for the angsty one

For the Angsty One

Somewhere between Philando Castile and the shooting of an unarmed therapist lying on the ground with his hands up, I grew angsty. I used the word “despair” when discussing the state of our country. I was frustrated and lost. I laid in bed at night unable to sleep. I started emailing friends my own stupid white people questions. I desperately wanted to know what to “do.”

In the past, I have followed the guidance given me by people of color. The marching orders go something like this:

Step One: Sit down and listen.
Step Two: Educate yourself, yourself.
Step Three: Diversify your social circles.
Step Four: Acknowledge your own implicit bias and talk to other white people about racism, systemic injustice, mass incarceration, redlining, etc.

I fear this paragraph coming off as self-congratulatory. I have not arrived, but I have taken these steps seriously. I listen and attempt to educate myself, myself. I have friends of color, I live in an all black neighborhood – I see racial injustice every day. I acknowledge my implicit bias and family members have blocked me on Facebook for saying #blacklivesmatter… and yet, it does not feel like enough. Because it’s not.

The reason it’s not enough is partly because it’s actually just not enough, and partly because it’s not about me.

As it turns out, my desire to “fix” it (fix racism? systemic injustice? hundreds of years of oppression?) is central to my own privilege. I unknowingly made the “fixing” about me, and – NEWSFLASH – it’s not about me. At all.

In case you’re not seeing it – because, you know, privilege – the privilege I’m referring to is exactly what makes me think I can fix things to begin with. I’ve experienced hardship, but overall my position in society  – social networks, education, access to financial capital – has allowed me to bring forth changes when and where I’ve desired them. That’s privilege.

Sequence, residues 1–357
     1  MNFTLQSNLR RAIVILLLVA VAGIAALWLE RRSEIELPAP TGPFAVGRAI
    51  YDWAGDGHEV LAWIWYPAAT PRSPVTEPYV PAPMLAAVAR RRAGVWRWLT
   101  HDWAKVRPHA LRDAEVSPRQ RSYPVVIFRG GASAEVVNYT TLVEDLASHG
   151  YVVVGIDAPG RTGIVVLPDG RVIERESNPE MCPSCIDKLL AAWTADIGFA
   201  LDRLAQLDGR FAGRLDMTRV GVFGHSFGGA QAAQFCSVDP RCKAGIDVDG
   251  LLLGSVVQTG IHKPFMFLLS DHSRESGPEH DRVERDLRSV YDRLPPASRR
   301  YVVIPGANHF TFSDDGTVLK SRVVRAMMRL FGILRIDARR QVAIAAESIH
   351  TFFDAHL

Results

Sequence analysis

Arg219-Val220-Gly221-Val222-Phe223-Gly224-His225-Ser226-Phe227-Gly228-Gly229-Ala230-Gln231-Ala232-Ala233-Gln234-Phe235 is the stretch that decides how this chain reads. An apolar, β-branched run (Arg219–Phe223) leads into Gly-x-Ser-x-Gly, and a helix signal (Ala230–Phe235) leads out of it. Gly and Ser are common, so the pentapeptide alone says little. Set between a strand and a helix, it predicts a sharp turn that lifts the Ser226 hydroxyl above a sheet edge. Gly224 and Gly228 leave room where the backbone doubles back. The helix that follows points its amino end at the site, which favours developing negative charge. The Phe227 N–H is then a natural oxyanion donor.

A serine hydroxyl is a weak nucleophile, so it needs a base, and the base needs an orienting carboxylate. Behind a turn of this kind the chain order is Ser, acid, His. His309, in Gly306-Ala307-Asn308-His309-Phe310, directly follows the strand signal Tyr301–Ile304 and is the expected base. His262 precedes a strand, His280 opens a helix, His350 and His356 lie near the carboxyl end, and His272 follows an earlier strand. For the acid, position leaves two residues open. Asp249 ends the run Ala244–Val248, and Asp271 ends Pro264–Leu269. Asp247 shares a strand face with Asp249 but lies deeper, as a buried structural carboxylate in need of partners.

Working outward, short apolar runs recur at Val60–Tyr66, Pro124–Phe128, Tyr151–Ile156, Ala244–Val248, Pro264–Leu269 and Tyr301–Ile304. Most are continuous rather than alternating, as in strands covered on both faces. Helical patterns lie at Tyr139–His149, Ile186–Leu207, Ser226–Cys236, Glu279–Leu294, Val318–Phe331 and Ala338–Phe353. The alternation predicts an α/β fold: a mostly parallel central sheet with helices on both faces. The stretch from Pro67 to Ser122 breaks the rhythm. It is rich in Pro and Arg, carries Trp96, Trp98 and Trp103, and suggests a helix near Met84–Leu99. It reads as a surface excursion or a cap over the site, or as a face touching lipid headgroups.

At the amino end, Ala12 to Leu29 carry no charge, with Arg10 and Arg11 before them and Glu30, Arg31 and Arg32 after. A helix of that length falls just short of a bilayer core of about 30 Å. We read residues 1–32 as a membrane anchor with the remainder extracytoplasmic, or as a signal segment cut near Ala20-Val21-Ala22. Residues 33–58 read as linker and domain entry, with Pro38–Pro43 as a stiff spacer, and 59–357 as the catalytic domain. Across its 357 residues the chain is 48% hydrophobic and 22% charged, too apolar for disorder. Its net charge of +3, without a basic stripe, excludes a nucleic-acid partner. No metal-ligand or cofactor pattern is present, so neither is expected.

I got over myself and started asking God what my actual role is. I have one.  So do you. We all have a role to play in dismantling racial injustice at a macro-level AND at a micro-level. (Isaiah 58 anyone?)

And I have repeatedly found myself face-to-face with Jeremiah 29:1 – 7.
“Thus says the Lord of hosts, the God of Israel, to all the exiles whom I have sent into exile from Jerusalem to Babylon: Build houses and live in them; plant gardens and eat their produce. Take wives and have sons and daughters; take wives for your sons, and give your daughters in marriage, that they may bear sons and daughters; multiply there, and do not decrease. But seek the welfare of the city where I have sent you into exile, and pray to the Lord on its behalf, for in its welfare you will find your welfare.”


God tells the people to live their lives. “Do your thang! Build new houses and grow tomatoes and get some chickens! Get married and make more image bearers!  AND, seek the shalom of your city. Pray for your city and in it’s wholeness, you will find peace.


The Hebrew word for welfare is shalom. Shalom covers all aspects of peace and wholeness, manifested most clearly in times of persecution and trial. Lisa Sharon Harper, in her book The Very Good Gospel, says it like this;


“Shalom is the stuff of the Kingdom. It’s what the Kingdom of God looks like in context. It’s what citizenship in the Kingdom of God requires and what the Kingdom promises to those who choose God and God’s ways to peace.”


Practically speaking, what does this look like? This is where I get stuck. I’ve started and stopped writing this post several times. I want you to think me a credible source, but the truth is I don’t know. I’m still figuring out what it looks like for me – I sure as heck don’t know what it looks like for you.